John Aberth: In response to ‘No one more than a trapper wants to avoid catching a dog’

This commentary is by John Aberth, a resident of Roxbury.

The pro-trapping opinion piece written by Paul Noel, who was recently appointed by Gov. Scott to the Vermont Fish and Wildlife Board, is nothing more than that: An opinion. 

He admits that he has no "measurable" statistics to back up his arguments, yet he urges us to take his statements at face value, on trust, while at the same time he denigrates his opponents as liars motivated purely by "emotion." 

But if Mr. Noel can be given the benefit of the doubt, why shouldn't his opponents be accorded the same consideration? The answer is that obviously there's no way to settle an argument except by using facts and science. And all the evidence supports the fact that trapping is not necessary to "manage" populations or even provide reliable data on population trends. 

Quite the contrary, trapping is counterproductive to these efforts. Yes, trappers are now required to submit annual reports on their harvests, but there are no repercussions if trappers do not return reports, so the whole exercise is still largely voluntary. 

Last year, for the first time, Act 159 required that trappers also report their nontarget or incidental takes, which include domestic dogs and cats.So we will see how "rare" the trapping of pets really is. 

Paul Noel released a single dog from a trap many years ago, and on that basis he says trapping is harmless? Was the dog examined by a vet afterward? How long did the dog spend in the trap? 

Wild animals, unlike dogs, are not accustomed to being restrained and therefore will struggle that much more in traps and suffer commensurate injuries.The Association of Fish and Wildlife Agencies has itself supplied overwhelming evidence of the injuries all species of animals suffer even in Best Management Practice traps (H. Bryant White, "Best Management Practices for Trapping Furbearers in the United States," Wildlife Monographs, December 2020).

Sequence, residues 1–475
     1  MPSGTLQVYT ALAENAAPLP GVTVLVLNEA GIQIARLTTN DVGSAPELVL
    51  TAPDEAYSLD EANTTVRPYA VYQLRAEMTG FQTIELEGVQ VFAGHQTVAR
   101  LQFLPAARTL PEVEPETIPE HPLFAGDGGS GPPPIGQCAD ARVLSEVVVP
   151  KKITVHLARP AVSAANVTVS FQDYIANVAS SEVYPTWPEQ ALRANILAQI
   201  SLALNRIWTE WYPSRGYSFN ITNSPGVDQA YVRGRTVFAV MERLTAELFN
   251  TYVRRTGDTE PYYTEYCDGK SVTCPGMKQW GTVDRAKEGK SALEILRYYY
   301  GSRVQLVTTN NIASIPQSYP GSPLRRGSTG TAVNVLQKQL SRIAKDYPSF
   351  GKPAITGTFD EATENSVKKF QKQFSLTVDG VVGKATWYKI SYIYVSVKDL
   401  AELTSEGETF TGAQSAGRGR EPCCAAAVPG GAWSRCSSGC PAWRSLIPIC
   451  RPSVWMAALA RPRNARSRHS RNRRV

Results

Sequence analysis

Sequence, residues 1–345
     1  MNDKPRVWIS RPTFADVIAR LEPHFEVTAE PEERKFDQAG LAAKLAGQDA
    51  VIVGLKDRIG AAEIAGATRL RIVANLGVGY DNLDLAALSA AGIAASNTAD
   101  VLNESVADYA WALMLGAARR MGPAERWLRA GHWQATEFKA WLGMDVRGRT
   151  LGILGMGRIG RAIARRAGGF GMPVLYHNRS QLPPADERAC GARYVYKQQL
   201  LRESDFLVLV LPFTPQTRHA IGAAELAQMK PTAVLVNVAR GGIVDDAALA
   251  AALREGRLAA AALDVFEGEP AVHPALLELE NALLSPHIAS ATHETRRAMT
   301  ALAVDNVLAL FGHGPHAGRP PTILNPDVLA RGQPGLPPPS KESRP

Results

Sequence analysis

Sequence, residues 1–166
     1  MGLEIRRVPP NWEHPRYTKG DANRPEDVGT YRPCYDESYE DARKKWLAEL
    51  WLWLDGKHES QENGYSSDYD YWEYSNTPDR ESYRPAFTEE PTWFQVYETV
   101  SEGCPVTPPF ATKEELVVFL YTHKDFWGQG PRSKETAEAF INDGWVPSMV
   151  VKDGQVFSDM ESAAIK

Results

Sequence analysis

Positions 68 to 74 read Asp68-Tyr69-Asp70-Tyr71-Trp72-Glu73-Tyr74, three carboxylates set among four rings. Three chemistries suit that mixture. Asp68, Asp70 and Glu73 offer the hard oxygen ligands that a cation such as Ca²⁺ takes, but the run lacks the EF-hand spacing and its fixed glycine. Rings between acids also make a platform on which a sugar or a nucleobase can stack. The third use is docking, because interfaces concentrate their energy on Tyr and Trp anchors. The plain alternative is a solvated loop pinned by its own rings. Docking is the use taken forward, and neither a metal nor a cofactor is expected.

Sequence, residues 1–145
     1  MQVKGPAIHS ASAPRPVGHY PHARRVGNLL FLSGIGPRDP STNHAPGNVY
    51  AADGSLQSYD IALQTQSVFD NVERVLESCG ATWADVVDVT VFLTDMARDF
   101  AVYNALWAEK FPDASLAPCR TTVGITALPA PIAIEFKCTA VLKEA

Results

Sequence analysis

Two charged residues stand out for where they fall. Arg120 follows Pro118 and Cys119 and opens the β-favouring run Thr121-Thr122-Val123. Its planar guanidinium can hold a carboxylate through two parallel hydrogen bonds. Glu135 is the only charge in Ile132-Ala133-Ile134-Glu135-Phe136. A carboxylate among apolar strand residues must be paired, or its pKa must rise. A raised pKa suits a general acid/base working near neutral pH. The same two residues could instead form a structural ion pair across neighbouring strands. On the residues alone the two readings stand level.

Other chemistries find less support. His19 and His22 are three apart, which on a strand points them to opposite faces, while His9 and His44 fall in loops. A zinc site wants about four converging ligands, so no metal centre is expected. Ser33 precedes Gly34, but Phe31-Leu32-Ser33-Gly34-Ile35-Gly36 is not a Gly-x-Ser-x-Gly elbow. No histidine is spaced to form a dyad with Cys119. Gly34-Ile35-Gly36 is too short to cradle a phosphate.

Trappers, unlike hunters, are not even trying to kill an animal; they are simply trying to restrain the animal until they get there, hours later. So how does an animal not suffer in a trap? This opinion piece is completely off the cuff and doesn't even engage in the debate in any serious way. It ends with an appeal to tradition, which is to say, no argument at all. 

Just because something has been done in the past is no reason to continue with it today. On that basis, we should still engage in eugenics and sterilization, for example, or allow cockfighting, or do any number of things that were horrible in the past, and are still horrible in the present, and future. 

A proposal to ban recreational trapping, H.191, in the current legislative session has received no less than 25 cosponsors in the Vermont House and is what all surveys, including one conducted last year by Vermont's Fish & Wildlife Department, say that the public wants. 

For the governor to appoint a pro-trapping extremist like Paul Noel to the Fish and Wildlife Board at this time sends simply the wrong message to the many Vermonters who voted for him in the last election.


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